Congress is at it again, spending more taxpayer money and significantly adding to the deficit in the process. This latest bout of irresponsible spending is $174 billion tacked on to an otherwise necessary bill to extend long-established, mostly sensible tax-reducing provisions known as the “tax extenders.” The legislation, dubbed Stimulus IV by some, is officially called The American Jobs and Closing Tax Loopholes Act of 2010, which either evidences a peculiar form of dark humor or simple political cynicism.
The new spending in the bill arises mostly from extending 4 programs: increased Medicare spending, also known as the doctor fix ($63 billion); continuing the extension of unemployment insurance at 99 weeks ($47 billion); yet another Medicaid bailout for the states ($24 billion); and an extension of COBRA health insurance coverage ($8 billion).
The Heritage Foundation recently posted an analysis of all the provisions – including all the new spending, tax hikes and other bad policy choices – in the tax extenders bill which can be found here.
In total, all the overspending will add $134 billion to the deficit. That sum is finally causing some in Congress to gag. Senator Kent Conrad (D-ND) has said that the cost of all the spending is “too high.” Conrad is chairman of the Senate Budget Committee, so he should know.
Conrad’s reluctance to accept more reckless spending by Congress shows some in Washington are starting to wake up to the fact that the American people want an end to all the deficit spending.
Conrad’s hesitation could put the entire bill in jeopardy. That would prevent the spending increases – for now, but it would also further delay the long-overdue passage of the tax extenders – 45 tax-reducing provisions that expire this year. Congress has still not passed them almost 5 full months into 2010, and for the most part they would only be extended through 2010, leaving their status for 2011 still in doubt.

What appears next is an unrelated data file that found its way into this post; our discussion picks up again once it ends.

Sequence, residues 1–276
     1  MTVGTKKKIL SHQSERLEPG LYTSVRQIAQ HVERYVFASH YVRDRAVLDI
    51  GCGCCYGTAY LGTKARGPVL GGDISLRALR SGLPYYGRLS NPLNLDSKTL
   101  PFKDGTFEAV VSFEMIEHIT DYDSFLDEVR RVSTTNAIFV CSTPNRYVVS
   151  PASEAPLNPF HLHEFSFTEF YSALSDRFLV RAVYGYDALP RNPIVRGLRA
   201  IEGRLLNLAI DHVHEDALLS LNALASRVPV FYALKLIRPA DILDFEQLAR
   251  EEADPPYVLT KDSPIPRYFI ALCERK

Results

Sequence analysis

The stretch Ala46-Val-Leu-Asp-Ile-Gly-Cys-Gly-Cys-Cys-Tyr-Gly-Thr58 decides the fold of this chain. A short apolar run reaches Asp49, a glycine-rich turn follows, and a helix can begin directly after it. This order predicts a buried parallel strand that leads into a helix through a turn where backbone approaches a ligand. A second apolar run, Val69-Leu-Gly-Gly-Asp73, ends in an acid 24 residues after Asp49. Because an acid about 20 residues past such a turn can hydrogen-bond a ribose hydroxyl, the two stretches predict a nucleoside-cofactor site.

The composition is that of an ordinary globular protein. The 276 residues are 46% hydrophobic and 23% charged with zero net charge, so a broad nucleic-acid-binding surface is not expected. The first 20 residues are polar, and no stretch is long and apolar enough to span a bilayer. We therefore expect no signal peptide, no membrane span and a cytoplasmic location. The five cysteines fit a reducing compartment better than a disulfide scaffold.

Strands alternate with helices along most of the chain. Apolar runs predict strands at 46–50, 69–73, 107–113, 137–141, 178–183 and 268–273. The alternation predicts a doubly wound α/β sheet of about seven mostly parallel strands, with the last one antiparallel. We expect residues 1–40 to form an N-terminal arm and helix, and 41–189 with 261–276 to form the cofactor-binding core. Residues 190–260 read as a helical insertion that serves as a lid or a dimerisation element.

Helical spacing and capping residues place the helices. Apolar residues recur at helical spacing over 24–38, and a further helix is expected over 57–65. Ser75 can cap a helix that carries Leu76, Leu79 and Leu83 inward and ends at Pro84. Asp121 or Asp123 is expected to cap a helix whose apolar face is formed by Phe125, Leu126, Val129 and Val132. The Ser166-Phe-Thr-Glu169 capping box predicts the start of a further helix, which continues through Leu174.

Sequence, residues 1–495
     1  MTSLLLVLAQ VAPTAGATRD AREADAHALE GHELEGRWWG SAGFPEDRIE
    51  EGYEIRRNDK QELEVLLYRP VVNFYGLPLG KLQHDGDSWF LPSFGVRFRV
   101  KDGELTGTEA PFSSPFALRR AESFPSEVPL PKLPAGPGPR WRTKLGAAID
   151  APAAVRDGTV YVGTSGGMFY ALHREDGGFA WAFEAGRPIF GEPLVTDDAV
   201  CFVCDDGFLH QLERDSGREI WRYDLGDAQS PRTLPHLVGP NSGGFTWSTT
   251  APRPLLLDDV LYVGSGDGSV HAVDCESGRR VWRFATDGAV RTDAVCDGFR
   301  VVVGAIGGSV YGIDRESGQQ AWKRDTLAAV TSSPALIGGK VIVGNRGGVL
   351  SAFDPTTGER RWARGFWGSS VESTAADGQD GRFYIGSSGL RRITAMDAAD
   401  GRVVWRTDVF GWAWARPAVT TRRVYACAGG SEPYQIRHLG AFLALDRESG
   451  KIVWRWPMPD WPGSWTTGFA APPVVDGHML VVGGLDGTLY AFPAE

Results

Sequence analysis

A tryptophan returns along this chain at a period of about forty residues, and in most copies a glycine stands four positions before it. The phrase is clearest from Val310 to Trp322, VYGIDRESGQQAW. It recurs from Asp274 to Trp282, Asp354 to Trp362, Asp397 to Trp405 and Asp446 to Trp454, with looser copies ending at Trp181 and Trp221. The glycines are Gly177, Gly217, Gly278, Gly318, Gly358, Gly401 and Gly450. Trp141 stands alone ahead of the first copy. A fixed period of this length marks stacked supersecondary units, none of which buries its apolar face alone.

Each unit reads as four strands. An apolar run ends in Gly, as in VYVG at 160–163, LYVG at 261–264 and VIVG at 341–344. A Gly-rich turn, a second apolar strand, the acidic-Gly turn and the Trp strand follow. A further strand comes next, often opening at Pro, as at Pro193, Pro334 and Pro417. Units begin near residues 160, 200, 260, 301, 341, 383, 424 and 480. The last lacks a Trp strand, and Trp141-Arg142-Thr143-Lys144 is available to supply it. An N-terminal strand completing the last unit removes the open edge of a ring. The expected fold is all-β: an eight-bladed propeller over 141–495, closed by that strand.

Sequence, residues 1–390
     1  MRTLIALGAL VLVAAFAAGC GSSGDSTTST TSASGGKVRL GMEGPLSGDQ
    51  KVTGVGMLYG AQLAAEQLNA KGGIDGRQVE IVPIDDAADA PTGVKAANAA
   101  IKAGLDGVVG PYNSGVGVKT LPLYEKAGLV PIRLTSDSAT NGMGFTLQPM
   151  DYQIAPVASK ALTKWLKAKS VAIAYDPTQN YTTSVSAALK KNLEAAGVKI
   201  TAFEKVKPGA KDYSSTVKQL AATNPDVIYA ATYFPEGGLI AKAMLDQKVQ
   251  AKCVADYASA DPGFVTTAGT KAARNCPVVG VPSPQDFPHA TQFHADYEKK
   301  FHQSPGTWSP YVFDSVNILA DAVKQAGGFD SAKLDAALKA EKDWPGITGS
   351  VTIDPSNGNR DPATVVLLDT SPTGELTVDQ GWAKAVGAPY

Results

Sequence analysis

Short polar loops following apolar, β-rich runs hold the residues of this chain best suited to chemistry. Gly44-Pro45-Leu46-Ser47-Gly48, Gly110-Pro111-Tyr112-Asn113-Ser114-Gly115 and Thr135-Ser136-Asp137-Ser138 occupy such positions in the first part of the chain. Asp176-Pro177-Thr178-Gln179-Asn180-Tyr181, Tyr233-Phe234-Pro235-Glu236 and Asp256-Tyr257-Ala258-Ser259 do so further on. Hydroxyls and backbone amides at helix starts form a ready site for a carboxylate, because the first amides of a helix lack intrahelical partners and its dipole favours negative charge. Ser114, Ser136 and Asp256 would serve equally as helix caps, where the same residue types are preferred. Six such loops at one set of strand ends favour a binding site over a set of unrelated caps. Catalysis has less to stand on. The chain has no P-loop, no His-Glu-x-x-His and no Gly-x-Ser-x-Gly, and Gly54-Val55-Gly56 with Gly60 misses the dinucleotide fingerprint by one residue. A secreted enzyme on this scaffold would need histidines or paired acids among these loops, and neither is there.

Businesses and individual taxpayers are pressuring Congress to act soon so they can have some assurance in their tax planning for the remainder of the year, and next. Who can blame them? It is long past time for Congress to approve these necessary extensions.
Congress has been slow to pass the extenders in part because it wrongly insists on applying pay-as-you-go (PAYGO) budget rules to their extension. The issue is pretty simple: Allowing these provisions to expire imposes a tax hike. Congress treats their extension as a tax cut. So in Washington, to avoid a tax hike Congress finds it has to raise taxes. That’s as crazy as it sounds. Of course, Congress has no problem waiving PAYGO requirements for all manner of spending by designating the most wasteful spending an “emergency”, but when it comes to tax provisions that are long-held policies it draws the line and requires they be “paid for.”
It gets worse. After years of this PAYGO folly with respect to the tax extenders whereby taxes have to be raised to avoid a tax hike, Congress has run out of relatively painless taxes to raise, so it has turned to an economically menacing tax hike to offset the cost of the extenders. It has chosen to reduce the effectiveness of the foreign tax credit that United States businesses that operate overseas use to limit double taxation. This will drive even more jobs overseas, despite the protestations to the contrary by its supporters.
Congress should stop the madness and drop the spending hikes in the tax extenders bill. It should then go about its necessary businesses of permanently extending the sound policies in the extenders without the egregious tax hikes to offset them. Doing so would give businesses and individuals the stability they need and prevent yearly tax hikes. Eliminating this uncertainty and the threat of tax hikes would be real stimulus.
At the same time, removing the spending from the bill would show that Congress finally recognizes what everyone from Greece to California is now painfully aware of: The spending must stop.